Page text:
Fusarium oxysporum f. sp. niveum is a soil-borne pathogen that causes vascular wilting in watermelon, often resulting in yield reduction and crop failure (Everts and Himmelstein, 2015; Martyn, 2014). Four FON races have been described (0, 1, 2, and 3) based on their virulence or the ability to overcome specific resistance in a set of differential cultivars (Bruton et al., 2007, 2010; Egel et al., 2005; Zhou et al., 2010). The ability of the pathogen’s chlamydospores to persist in the soil for a long time, combined with the rapid evolution of its races has rendered the management of fusarium wilt difficult. Until recently, soil fumigation with methyl bromide was a popular management practice for fusarium wilt; however, this chemical has been phased out due to environmental concerns. The use of resistant cultivars is the most preferred management method for fusarium wilt (Bruton et al., 2007; Martyn and Netzer, 1991; Zhou and Everts, 2001). Since William Orton developed the first fusarium wilt resistant cultivar, Conqueror, using a wild C. amarus as the resistance source (Orton, 1907, 1917), numerous cultivars with resistance to FON races 0 and 1 have been developed (Martyn, 2014 for review). In particular, the resistance to FON 1 in the cultivar Calhoun Gray has been extensively used in watermelon breeding and many modern cultivars contain this resistance (Everts and Himmelstein, 2015). Several recent molecular studies have shown that Fo-1 is associated with a major QTL (Qfon1.1; R2 = 23% to 60%) on chr. 1 (Lambel et al., 2014; Meru and McGregor, 2016; Ren et al., 2015) of the watermelon draft genome (Guo et al., 2013).

High resistance to FON races 0, 1, and 2 was described in 1991 in PI 296341-FR (Martyn and Netzer, 1991; Zhang and Rhodes, 1993). Resistance to FON 1 in PI 296341-FR is reported to be associated with the same QTL region on chr. 1 (Qfon1.1) that confers resistance in ‘Calhoun Gray’ (Ren et al., 2015). Resistance to FON 2 in PI 296341-FR is thought to be polygenic and controlled by at least a pair of recessive genes in epistasis with other minor genes (Martyn and Netzer, 1991; Zhang and Rhodes, 1993). Two QTL, one on chr. 9 (R2 = 13.7%) and the other on chr. 10 (R2 = 12.5%) are associated with this resistance (Ren et al., 2015). Despite the identification of PI 296341-FR as a source of resistance to FON 2 more than 25 years ago, there are no sweet-fleshed watermelon cultivars with resistance to FON 2 currently available to growers, likely due to a combination of linkage drag, the genetic background of the donor, and the quantitative nature of the resistance. PI 296341-FR is a selection from a C. amarus accession with hard, nonsweet, white flesh (Martyn and Netzer, 1991). Severe segregation distortion, including preferential inheritance of C. amarus alleles (Hawkins et al., 2001b; Levi et al., 2011; McGregor and Waters, 2013; Sandlin et al., 2012) and low pollen fertility (McGregor and Waters, 2013) have been observed in crosses between C. lanatus and watermelon.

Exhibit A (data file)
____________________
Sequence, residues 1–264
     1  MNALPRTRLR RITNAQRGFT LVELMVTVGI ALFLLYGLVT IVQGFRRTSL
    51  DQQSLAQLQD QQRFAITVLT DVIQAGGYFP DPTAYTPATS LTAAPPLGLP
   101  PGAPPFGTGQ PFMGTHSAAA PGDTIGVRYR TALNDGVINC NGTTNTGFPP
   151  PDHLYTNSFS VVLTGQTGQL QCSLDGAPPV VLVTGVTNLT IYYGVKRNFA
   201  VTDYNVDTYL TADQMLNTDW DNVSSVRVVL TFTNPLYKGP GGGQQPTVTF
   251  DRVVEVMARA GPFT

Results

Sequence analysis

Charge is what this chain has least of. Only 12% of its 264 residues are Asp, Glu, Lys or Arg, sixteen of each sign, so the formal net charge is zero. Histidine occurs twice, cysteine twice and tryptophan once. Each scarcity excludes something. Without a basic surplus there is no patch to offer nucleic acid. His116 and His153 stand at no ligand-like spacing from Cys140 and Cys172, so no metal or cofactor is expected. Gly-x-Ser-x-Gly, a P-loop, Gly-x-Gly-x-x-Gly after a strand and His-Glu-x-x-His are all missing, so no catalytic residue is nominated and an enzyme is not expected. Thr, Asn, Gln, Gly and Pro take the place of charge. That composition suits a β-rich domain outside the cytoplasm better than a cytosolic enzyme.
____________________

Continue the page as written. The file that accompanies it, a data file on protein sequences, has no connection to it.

The resistance from PI 296341-FR has been incorporated into the nonharvested Super Pollenizer™ series from Syngenta (Syngenta Seeds Inc., 2009), but efforts to introgress the resistance into sweet, edible cultivars have not been successful to date. The lack of success incorporating resistance from PI 296341-FR suggests that breeders face serious challenges when incorporating quantitative traits, not associated with major QTL, from C. amarus into elite germplasm.

Additional sources of FON 2 resistance have been described in C. amarus (Boyhan et al., 2003; Dane et al., 1998; Martyn and Netzer, 1991; Wechter et al., 2012a, 2012b). Generally, the basis of these resistances are not well understood, but is thought to also be polygenic. It remains to be seen whether resistance introgression from these accessions will face the same challenges as PI 296341-FR.